Fins can be modified in striking ways, as illustrated by the (rather cute) Remora, or suckerfish. Its modified, flattened dorsal fin functions as a sucking disc, creating a vacuum that allows the fish to attach itself to its host, usually on the belly or under the gill covering. Remoras are often specialized in particular host types. Thus, whale suckers cling to whales, marlin suckers have a strong preference for marlins, and shark suckers (you guessed it) are usually found on sharks. Often multiple Remoras attach to the same host animal, who can even be a meeting place for mates. Indeed, hosts have been found with a male Remora under one gill covering, a female under the other.
The nature of the relationship between the Remora and its host is somewhat unclear. Ancient authors generally took the suckerfish to be parasitic. For one, it creates drag that may seriously annoy its host. Indeed, the ancients claimed that these fishes regularly slowed down their ships. Moreover, it was said that Remoras consumed the eggs of their hosts. It has since been observed, however, that Remoras eat a mixture of parasites, feces and leftovers from their hosts, thus forming a kind of semi-mutualistic garbage service. The drag problem remains, though, and one can hardly blame sharks for occasionally eating a Remora that tries to attach itself to them.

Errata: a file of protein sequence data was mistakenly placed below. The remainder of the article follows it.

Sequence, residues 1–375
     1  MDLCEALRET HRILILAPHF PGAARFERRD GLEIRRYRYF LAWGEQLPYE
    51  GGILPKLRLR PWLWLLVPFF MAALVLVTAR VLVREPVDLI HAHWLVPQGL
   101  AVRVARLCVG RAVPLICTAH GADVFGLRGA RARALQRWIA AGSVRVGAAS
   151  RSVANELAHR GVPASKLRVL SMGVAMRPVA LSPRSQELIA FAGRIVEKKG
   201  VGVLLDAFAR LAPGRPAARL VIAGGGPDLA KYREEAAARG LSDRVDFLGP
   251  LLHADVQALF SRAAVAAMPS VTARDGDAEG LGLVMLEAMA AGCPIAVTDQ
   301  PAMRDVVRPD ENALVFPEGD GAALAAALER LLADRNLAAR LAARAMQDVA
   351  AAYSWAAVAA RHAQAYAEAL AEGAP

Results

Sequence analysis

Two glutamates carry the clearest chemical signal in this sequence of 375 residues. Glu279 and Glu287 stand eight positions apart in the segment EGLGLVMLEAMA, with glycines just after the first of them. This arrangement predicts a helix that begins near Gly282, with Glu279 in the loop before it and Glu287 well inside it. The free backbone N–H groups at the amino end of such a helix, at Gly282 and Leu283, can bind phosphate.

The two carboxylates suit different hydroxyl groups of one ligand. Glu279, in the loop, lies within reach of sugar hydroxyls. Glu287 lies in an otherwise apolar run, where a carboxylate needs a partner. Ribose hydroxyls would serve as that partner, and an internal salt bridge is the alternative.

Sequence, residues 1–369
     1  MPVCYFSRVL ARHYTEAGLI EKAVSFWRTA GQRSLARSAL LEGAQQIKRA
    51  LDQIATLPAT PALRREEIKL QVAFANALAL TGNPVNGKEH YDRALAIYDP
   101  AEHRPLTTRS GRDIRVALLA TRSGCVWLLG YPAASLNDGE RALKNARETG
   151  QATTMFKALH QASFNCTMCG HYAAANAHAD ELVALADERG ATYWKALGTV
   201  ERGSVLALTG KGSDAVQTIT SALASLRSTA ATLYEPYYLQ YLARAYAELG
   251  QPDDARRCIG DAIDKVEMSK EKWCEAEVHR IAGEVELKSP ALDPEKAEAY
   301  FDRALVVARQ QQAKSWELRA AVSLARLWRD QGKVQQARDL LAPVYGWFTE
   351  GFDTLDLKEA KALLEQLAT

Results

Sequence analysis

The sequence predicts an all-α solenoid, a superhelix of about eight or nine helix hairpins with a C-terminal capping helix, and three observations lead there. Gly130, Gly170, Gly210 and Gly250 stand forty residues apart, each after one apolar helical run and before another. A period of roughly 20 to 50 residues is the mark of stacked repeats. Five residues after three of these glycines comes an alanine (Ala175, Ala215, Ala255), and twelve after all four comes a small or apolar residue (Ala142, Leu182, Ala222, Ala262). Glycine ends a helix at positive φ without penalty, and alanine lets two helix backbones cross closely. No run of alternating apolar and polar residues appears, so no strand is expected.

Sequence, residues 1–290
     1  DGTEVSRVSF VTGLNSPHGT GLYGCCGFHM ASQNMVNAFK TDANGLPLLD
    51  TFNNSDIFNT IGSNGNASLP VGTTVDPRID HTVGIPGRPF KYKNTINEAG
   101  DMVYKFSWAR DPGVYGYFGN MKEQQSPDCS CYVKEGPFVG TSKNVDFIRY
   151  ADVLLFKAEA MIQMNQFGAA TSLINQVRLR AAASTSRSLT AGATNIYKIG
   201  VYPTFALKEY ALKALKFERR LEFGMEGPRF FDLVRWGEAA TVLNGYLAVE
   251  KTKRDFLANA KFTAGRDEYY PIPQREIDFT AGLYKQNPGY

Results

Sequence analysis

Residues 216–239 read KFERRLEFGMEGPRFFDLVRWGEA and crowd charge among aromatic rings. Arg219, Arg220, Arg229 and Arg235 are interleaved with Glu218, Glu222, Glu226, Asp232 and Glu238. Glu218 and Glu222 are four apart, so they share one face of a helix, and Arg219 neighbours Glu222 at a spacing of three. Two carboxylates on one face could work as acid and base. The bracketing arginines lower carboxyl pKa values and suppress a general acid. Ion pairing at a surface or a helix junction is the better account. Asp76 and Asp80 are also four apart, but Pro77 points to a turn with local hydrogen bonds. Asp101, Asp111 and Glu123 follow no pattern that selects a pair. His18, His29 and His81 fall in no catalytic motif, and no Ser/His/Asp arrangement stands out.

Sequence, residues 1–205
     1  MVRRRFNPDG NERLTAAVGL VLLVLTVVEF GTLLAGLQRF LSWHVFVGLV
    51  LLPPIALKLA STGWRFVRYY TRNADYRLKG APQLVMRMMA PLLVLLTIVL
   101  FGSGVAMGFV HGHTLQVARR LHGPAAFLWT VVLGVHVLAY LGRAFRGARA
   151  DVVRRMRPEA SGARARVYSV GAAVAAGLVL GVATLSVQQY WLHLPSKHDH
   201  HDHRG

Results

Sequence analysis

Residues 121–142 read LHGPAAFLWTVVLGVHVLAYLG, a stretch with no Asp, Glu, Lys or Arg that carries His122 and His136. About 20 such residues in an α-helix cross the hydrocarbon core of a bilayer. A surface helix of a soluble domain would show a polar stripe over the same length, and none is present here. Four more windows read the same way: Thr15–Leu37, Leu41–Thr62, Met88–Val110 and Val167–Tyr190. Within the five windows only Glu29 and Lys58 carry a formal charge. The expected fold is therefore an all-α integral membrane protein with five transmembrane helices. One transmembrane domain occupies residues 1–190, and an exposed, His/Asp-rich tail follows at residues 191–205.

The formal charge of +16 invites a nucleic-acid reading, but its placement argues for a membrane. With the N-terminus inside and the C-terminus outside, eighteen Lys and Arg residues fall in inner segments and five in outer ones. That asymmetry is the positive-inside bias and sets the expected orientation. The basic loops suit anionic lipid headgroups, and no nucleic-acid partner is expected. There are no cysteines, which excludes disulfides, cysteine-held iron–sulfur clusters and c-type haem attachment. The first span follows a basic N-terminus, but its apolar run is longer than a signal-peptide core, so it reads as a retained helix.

The Remora’s sucking habits have given it an application as a kind of active bait in fishing (often turtle-fishing). Hook up the Remora to a fishing line, put it in the water, and it will attach itself to the first big animal it encounters. Reel it in, and its host is yours. Hence the Remora’s nickname, “fisher-fish”.